When asked about their idea of a cult, most people will conjure up the image of a group of religious devotees following an alternative doctrine and worshiping an authoritarian leader. Many cults fit into this …
In my book The Cult of Trump, I present a thesis that Donald Trump was a symptom of decades of right-wing maneuvering to gain power and institute a theocracy by eliminating the separation between Church and State, which the Founders of the Constitution tried to ensure would not happen. White evangelical Christians, among other powerful groups like The Family, Opus Dei, and the New Apostolic Reformation, appear to support this movement and, indeed, are the driving force behind it because they believe Trump is being used to do ‘God’s work.’
Someone very experienced in talking about this issue is Frank Schaeffer. He was born and bred into an evangelical fundamentalist life and went on to play an active role in helping to politicize evangelical leaders. He has now bravely written and spoken about his regret at the part he played in this process and is an active religious reform activist.
We can use psychology to understand media shaming and ask the right questions Media shaming has been around for decades, but the advent of the Internet and 24/7 information cycles have taken it in an …
In my book, The Cult of Trump, I explored the parallels between Trump and cult leaders, arguing that his presidency was much like a destructive cult. The indoctrination techniques Trump used to build fanatical devotion in his supporters is akin to those of Jim Jones, David Koresh, Ron Hubbard, and Sun Myung Moon. Trump’s lies, lack of conscience, inability to admit when he is wrong, and projecting his shortcomings onto others can be seen in many cult leaders. With his rise to the presidency, he became more authoritarian and though he lost the election in 2020, he continues the lie that it was stolen and his supporters continue to believe him.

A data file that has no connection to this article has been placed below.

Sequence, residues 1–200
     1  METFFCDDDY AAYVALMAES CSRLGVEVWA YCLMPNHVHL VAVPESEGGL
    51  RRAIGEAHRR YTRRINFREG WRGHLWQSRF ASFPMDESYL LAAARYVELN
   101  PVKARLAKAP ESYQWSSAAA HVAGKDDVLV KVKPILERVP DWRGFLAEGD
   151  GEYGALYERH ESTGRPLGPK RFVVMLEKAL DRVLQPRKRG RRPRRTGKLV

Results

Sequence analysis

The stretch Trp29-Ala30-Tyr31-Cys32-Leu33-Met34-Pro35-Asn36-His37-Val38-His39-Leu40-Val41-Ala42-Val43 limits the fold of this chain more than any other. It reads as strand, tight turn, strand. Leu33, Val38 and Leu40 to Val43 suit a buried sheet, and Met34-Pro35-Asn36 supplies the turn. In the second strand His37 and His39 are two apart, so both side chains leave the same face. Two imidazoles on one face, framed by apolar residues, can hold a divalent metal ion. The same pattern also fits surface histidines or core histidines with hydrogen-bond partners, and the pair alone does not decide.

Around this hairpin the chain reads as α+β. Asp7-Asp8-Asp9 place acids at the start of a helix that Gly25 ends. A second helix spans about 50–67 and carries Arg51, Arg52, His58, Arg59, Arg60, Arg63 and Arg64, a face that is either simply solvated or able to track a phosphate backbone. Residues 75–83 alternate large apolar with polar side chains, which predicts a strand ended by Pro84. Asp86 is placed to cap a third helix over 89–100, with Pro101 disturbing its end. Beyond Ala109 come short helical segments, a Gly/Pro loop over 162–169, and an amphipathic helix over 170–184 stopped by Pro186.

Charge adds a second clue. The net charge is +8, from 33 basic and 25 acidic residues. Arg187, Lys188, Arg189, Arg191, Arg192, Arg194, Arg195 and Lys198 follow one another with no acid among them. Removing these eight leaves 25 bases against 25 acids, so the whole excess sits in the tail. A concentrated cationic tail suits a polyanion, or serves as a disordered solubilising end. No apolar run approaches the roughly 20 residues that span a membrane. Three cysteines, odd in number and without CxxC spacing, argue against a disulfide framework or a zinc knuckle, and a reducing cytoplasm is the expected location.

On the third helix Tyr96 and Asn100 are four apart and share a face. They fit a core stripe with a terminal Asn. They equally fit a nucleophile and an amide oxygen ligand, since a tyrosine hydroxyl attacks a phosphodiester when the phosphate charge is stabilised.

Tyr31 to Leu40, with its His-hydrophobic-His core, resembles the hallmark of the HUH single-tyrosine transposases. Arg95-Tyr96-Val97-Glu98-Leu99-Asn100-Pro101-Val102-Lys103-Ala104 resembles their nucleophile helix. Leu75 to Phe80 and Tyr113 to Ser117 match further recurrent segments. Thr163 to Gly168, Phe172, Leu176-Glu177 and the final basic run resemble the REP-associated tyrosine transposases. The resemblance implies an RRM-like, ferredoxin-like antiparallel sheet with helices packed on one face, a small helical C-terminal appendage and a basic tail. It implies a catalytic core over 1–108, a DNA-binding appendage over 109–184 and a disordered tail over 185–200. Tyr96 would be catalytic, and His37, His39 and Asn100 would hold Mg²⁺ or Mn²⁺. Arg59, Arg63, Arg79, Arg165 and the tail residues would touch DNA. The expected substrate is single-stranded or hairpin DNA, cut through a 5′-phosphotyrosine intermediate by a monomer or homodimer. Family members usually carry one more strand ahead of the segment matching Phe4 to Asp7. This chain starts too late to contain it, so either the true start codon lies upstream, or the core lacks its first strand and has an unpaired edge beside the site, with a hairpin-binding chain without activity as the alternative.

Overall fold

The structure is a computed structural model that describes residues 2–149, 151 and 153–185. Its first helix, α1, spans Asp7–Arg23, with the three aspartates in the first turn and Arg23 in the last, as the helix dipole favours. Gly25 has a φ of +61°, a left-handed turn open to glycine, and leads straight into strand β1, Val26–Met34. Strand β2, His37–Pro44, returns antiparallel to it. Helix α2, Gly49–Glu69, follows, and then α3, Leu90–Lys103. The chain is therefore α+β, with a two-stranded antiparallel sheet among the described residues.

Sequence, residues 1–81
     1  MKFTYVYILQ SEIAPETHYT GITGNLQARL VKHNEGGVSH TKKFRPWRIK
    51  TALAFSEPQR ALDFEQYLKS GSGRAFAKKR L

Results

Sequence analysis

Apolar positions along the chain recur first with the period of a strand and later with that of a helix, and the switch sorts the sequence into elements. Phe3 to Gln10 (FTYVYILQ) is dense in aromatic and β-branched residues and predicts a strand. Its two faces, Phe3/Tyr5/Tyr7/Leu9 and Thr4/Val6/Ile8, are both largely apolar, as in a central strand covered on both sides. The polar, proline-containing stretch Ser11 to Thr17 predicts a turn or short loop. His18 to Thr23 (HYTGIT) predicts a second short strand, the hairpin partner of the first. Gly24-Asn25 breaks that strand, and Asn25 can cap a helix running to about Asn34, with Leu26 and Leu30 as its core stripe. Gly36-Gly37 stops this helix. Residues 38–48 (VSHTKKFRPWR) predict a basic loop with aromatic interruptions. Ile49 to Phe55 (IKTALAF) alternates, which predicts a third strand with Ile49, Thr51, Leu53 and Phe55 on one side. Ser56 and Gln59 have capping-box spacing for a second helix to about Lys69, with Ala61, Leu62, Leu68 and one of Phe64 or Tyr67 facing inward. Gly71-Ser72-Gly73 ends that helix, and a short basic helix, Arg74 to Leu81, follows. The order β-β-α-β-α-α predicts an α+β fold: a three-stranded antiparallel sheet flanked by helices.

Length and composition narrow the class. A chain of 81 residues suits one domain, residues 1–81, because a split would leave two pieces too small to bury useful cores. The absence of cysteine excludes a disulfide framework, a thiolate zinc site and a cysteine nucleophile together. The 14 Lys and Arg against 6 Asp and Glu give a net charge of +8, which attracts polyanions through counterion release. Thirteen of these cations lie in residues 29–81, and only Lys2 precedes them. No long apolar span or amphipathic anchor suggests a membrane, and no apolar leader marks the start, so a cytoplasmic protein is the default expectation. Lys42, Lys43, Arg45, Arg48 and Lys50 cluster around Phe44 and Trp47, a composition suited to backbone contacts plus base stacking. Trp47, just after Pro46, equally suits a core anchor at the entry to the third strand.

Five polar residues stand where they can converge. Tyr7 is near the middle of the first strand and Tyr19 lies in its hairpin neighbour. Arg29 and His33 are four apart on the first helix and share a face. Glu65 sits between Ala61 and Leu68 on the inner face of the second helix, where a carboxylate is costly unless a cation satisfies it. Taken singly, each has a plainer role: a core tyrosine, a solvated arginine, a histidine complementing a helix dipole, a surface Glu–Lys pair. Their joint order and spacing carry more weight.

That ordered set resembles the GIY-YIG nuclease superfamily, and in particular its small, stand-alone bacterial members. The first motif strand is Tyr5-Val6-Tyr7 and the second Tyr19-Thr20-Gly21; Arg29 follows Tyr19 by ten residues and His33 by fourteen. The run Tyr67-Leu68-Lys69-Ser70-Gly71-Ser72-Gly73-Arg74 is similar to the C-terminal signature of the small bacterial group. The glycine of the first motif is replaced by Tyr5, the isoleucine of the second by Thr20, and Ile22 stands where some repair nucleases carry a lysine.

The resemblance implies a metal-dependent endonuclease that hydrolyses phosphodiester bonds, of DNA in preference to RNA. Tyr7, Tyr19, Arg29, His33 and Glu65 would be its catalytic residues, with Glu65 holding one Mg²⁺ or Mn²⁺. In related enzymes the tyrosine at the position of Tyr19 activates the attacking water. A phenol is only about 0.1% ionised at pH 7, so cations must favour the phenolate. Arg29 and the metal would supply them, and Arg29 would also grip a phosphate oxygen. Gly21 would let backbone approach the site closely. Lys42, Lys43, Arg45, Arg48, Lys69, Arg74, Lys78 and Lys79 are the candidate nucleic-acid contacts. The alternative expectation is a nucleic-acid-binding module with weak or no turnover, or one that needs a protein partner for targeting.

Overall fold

As technology evolves, we become more enmeshed with online social media platforms, Artificial Intelligence (AI), and the Internet. Information warfare is an epidemic, and we must treat it like a dangerous virus that affects our minds. From my experience as a former cult member, I know our minds can be hacked through lies and propaganda.
The New Apostolic Reformation (NAR) is a reorganized, large Pentecostal and charismatic movement reframed by the religious right to move into politics. My guests on this episode of the Influence Continuum are warning people about the dangers associated with the rise of the NAR.
Frederick Clarkson has written and worked at the intersection of religion and politics for over four decades. He’s currently a Senior Research analyst at Political Research Associates, a is a social justice research and strategy center in Somerville, Massachusetts. He’s also the author of a very important book that I recommend everyone read called Eternal Hostility – The Struggle Between Theocracy and Democracy, a subject that everyone’s talking about in the media these days.